Organizers of a new traveling exhibit on tribal treaties in Minnesota say they hope the project sparks discussions about treaty rights.
"It's more than an exhibit ... It's a conversation, one that Minnesota's not had for one hundred years or more," said David O'Fallon, president of the Minnesota Humanities Center, at a celebration of the exhibit in St. Paul on Thursday night.
The exhibit, "Why Treaties Matter: Self-Government in the Dakota and Ojibwe Nations," was the result of a two-year collaboration between Dakota and Ojibwe tribal elders, the Minnesota Indian Affairs Council, the Minnesota Humanities Center, and the Smithsonian's National Museum of the American Indian. It includes a video presentation and twenty panels of photographs and information that highlight the roles of treaties from the 1800s to the present.
The exhibit has already traveled to the White Earth Reservation in Ogema, Minn. and will be shown at more than a dozen other locations across the state in the next 15 months.
It aims to teach Minnesotans that the treaties are living documents that have protected the rights of the Dakota and Ojibwe nations to exist as sovereign nations within the United States. Organizers acknowledge that tribal leaders signed the treaties under great duress, but they say that without them, the connection that tribal members have with the land they called home for generations could have been completely severed.
"They're not old archaic pieces," said Tom Ross, a tribal member of the Upper Sioux Community who helped organize the exhibit. "They represent a people, and to me, those treaties are why we're still here as a people."
The treaties have been at the center of several disputes in recent years between the state and tribal bands. A dispute between the state and the Mille Lacs Band of Ojibwe was resolved in 1999 by the U.S. Supreme Court, which ruled that the band retained hunting and fishing rights guaranteed to them under an 1837 treaty.
Mary Favorite, who grew up on the White Earth reservation, was among several elders who came to the event on Thursday and helped create it. She said the exhibit reminded her of the struggles her family endured.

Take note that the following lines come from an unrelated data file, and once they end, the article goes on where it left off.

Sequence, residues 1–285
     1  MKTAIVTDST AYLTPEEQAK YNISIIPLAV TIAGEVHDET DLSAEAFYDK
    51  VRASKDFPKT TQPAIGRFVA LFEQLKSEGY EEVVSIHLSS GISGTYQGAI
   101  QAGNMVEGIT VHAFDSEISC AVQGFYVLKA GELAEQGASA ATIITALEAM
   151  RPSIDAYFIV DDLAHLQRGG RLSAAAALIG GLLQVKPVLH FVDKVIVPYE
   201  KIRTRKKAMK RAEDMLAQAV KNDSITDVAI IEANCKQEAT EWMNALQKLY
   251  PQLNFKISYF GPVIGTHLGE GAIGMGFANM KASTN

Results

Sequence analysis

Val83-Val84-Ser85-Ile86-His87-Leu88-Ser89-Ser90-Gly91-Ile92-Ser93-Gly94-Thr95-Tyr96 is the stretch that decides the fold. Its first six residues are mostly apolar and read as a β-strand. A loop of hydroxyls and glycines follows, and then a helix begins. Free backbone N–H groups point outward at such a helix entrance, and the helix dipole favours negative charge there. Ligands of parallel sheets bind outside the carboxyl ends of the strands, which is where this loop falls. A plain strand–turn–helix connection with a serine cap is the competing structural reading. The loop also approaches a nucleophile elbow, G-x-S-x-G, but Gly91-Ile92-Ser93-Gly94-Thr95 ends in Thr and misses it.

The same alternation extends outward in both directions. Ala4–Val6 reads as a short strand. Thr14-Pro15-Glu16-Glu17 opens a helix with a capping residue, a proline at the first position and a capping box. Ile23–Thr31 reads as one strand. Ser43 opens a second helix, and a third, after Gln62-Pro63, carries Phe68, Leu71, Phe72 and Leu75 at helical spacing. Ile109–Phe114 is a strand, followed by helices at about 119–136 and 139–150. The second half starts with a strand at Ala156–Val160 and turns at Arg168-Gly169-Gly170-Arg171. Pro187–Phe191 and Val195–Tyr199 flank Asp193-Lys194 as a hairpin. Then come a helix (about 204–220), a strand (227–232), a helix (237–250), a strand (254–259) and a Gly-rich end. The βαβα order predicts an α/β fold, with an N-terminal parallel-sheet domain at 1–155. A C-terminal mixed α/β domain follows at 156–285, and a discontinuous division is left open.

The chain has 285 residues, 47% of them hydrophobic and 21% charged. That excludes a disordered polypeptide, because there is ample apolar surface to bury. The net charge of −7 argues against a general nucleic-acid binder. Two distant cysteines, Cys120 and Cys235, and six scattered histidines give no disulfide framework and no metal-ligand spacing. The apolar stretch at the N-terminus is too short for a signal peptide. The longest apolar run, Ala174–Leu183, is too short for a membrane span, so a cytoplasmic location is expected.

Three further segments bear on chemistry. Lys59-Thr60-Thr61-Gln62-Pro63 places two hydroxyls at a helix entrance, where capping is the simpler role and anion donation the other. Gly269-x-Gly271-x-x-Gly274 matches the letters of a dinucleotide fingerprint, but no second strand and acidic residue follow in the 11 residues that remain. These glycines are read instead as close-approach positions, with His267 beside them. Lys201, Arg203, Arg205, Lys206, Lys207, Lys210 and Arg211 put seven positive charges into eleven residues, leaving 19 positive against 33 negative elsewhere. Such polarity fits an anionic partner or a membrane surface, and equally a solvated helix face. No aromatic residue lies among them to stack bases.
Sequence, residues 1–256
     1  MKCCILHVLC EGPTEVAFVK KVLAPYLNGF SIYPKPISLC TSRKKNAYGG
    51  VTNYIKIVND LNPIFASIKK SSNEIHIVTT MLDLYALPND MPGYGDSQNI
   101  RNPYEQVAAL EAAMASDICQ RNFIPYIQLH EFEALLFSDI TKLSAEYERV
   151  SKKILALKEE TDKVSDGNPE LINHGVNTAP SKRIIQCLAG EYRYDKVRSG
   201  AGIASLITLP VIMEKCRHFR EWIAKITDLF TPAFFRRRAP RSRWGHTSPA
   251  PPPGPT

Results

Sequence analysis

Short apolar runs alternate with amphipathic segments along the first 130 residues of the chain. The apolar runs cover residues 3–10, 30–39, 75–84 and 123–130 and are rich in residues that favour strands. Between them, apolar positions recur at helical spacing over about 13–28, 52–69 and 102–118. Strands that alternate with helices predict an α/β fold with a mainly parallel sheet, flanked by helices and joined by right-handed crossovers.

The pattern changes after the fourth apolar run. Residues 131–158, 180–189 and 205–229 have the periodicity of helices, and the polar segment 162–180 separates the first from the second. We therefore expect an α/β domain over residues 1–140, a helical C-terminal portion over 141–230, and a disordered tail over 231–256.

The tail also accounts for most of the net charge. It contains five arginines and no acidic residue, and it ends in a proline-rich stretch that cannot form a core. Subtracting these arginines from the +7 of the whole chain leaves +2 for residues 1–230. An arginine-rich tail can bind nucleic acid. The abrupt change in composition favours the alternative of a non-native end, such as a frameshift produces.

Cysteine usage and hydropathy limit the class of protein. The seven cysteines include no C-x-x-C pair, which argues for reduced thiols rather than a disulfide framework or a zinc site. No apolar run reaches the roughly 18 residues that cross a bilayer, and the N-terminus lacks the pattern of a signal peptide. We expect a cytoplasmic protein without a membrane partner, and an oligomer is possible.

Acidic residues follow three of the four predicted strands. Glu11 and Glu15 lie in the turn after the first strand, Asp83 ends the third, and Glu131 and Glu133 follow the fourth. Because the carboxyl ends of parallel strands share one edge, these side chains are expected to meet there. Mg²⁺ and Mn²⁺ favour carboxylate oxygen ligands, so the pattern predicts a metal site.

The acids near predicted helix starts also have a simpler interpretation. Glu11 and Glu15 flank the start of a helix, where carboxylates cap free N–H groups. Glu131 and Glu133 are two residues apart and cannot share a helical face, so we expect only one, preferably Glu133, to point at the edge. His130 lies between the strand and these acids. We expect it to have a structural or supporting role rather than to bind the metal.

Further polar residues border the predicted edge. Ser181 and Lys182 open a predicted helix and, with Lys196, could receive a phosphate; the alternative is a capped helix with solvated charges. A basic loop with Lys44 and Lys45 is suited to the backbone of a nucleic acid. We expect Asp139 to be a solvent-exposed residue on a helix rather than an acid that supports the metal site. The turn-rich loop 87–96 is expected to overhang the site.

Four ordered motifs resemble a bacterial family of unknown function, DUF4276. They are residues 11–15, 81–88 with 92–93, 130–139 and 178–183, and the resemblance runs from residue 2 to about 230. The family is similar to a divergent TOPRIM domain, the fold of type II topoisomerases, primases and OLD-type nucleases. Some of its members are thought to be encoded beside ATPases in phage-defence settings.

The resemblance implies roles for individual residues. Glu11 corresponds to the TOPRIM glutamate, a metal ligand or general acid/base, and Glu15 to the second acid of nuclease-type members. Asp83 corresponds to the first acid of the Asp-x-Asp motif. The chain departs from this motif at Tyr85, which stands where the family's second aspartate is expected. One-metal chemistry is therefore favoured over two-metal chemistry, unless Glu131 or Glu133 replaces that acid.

Favorite's father also grew up on the White Earth reservation, she said. When he was 12 years old, he was forced by white Minnesotans to attend a boarding school that prohibited students from speaking Ojibwe, even though many of the students, including her father, did not speak English.
Favorite did not learn about her father's childhood experiences until a few months before he died. One day, while tending to her father, she asked, "What's the most difficult thing you've experienced?"
"He laid there for a minute," she said, before slowly recounting the story of his first day at boarding school. It was an incident, he told his daughter, "that I've always carried in my life," although he had told no one about it.
Her father was disoriented at his new school. On the first day, he turned to someone next to him and asked for advice in his native language. A nun caught him speaking Ojibwe.
"My dad had to walk up and down the front lawn with a sandwich board and on that board it said, "I am a dummy,'" Favorite said. "His self esteem, his confidence in himself, it went right out the window."
Favorite's father went on to become a lumberjack. At the end of a long day at work, he would stay up late at night with a dictionary in front of a kerosene lamp. He was teaching himself English, Favorite said, and later became a minister.
Years later, Favorite embarked on a somewhat similar project. Armed with a legal reference book, she slowly read through the treaties her ancestors signed with the U.S. government. It often took her three to four hours to read a single page, she said.
She used her newfound knowledge to help create the new exhibit, although she insisted that others played a more important role.
"I would just like people to know what these treaties and our experiences are all about," she said. "A lot of people don't know about any of this."
The exhibit is one of hundreds of efforts funded by the state's Legacy Amendment, which was approved by voters in 2008. The amendment increased the state sales tax to fund projects to preserve arts and cultural heritage, support parks and trails, and protect drinking water sources and the environment.
More information about the exhibit is available here.
(Minnesota Public Radio received $2.6 million in Legacy arts funding during the last two-year state budget cycle.)